Importantly, people charged or convicted of a violent crime will now have the ability to request permission from a judge to use forensic genetic genealogy testing to help prove their innocence — a key measure for wrongfully convicted people. Forensic genetic genealogy has already been instrumental in exonerating two innocent people to date. Additionally, the law requires all DNA samples and data generated by the forensic genetic genealogy process to be destroyed so they cannot be used for other unrelated purposes.
Why does forensic genetic genealogy need to be regulated?
While powerful tools like genetic genealogy have the capacity to exonerate the innocent, their unregulated application can negatively impact privacy and civil liberties.
DNA has been used in criminal cases for over 30 years and has helped to exonerate 375 individuals in the United States to date. Today, every state, Washington, D.C., and the federal government have forensic DNA laboratories that perform testing on biological evidence left at crime scenes. When a DNA profile is developed, these laboratories upload them to CODIS so law enforcement can search these records and be notified if there is a hit. The collection and storage of these profiles are regulated at the state and federal levels. However, there has been little to no oversight over when forensic genetic genealogy is used in a criminal case, how genetic material is collected from innocent people, how their genetic and family tree information is stored, and how their privacy rights can be protected.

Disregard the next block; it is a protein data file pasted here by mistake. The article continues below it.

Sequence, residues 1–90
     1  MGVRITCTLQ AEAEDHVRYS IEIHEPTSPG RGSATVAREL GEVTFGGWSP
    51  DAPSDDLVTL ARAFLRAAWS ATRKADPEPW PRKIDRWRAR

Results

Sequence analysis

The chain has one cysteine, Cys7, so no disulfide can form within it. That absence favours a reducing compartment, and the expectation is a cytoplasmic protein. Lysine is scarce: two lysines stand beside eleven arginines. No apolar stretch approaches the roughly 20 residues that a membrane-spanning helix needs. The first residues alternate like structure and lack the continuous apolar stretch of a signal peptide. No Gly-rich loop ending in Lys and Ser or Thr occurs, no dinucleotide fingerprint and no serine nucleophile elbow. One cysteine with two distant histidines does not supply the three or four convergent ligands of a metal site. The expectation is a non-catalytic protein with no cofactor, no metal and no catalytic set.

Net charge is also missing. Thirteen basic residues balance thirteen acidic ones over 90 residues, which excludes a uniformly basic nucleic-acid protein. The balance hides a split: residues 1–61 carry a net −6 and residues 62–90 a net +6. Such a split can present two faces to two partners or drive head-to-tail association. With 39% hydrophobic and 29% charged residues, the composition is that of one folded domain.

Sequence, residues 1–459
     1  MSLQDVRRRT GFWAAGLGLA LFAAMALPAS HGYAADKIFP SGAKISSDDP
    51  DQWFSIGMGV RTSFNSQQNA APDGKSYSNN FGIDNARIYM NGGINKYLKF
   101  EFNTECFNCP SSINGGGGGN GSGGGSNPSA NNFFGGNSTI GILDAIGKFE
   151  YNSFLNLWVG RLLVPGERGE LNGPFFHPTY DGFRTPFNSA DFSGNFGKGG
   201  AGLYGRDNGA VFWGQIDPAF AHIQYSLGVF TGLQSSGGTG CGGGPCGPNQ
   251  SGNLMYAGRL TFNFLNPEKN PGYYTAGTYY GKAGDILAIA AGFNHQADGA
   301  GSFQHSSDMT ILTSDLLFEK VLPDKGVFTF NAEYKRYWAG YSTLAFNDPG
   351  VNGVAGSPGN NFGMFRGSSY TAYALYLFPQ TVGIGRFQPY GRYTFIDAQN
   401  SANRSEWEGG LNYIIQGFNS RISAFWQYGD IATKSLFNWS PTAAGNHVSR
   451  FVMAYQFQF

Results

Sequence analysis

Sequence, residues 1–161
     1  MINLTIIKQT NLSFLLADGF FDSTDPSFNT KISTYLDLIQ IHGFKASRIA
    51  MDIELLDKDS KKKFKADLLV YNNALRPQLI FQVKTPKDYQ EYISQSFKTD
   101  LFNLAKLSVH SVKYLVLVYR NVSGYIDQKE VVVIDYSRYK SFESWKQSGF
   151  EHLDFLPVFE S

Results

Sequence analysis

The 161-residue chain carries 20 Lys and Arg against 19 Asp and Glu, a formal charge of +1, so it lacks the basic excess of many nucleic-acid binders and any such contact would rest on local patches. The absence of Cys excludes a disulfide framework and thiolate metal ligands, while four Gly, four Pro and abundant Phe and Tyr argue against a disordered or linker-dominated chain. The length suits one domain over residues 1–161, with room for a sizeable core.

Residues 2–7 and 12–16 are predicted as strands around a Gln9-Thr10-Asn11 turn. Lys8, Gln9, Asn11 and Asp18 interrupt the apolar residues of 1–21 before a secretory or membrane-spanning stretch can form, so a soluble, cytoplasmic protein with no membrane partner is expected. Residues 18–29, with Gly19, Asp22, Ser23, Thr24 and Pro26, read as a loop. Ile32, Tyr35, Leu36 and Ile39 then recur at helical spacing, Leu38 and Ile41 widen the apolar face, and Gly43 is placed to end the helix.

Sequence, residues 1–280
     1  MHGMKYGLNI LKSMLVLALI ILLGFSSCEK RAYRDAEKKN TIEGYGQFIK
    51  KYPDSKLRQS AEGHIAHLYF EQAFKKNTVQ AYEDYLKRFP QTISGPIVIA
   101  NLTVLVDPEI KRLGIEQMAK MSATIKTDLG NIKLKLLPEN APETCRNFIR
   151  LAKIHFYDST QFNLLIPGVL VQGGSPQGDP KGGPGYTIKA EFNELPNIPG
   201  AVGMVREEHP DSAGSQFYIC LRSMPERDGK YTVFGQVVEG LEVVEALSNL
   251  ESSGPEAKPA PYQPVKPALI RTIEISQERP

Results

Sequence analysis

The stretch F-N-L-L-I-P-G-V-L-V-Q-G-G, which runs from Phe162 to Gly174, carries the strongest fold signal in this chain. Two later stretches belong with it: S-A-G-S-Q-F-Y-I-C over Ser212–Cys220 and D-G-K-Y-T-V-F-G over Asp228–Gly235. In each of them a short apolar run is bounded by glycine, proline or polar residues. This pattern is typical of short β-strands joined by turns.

Genetic information is deeply personal and there are international human rights conventions that protect its use and collection. This is especially important when it comes to forensic genetic genealogy because SNPs can tell us a lot more about a person than STR DNA tests which are traditionally used in criminal cases.
Yet, before Maryland’s recent legislation, there was little to no government regulation of its use through forensic genetic genealogy in the U.S. And commercial privacy agreements have been insufficient for protecting people who have voluntarily shared their genetic information on direct-to-consumer websites like GEDmatch and FamilyTree.